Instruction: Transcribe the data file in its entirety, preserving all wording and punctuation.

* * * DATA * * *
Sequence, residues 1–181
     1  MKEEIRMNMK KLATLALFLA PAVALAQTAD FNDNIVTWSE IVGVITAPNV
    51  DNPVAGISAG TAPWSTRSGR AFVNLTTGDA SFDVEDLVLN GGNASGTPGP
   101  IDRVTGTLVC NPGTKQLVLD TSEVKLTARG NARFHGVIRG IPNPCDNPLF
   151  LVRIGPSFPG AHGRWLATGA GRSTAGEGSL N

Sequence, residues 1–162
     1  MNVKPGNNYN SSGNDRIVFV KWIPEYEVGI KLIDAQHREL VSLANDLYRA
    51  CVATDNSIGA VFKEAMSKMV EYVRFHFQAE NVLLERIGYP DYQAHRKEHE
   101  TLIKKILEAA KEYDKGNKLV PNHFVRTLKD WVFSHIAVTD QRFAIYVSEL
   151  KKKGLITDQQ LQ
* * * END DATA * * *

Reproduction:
Sequence, residues 1–181
     1  MKEEIRMNMK KLATLALFLA PAVALAQTAD FNDNIVTWSE IVGVITAPNV
    51  DNPVAGISAG TAPWSTRSGR AFVNLTTGDA SFDVEDLVLN GGNASGTPGP
   101  IDRVTGTLVC NPGTKQLVLD TSEVKLTARG NARFHGVIRG IPNPCDNPLF
   151  LVRIGPSFPG AHGRWLATGA GRSTAGEGSL N

Sequence, residues 1–162
     1  MNVKPGNNYN SSGNDRIVFV KWIPEYEVGI KLIDAQHREL VSLANDLYRA
    51  CVATDNSIGA VFKEAMSKMV EYVRFHFQAE NVLLERIGYP DYQAHRKEHE
   101  TLIKKILEAA KEYDKGNKLV PNHFVRTLKD WVFSHIAVTD QRFAIYVSEL
   151  KKKGLITDQQ LQ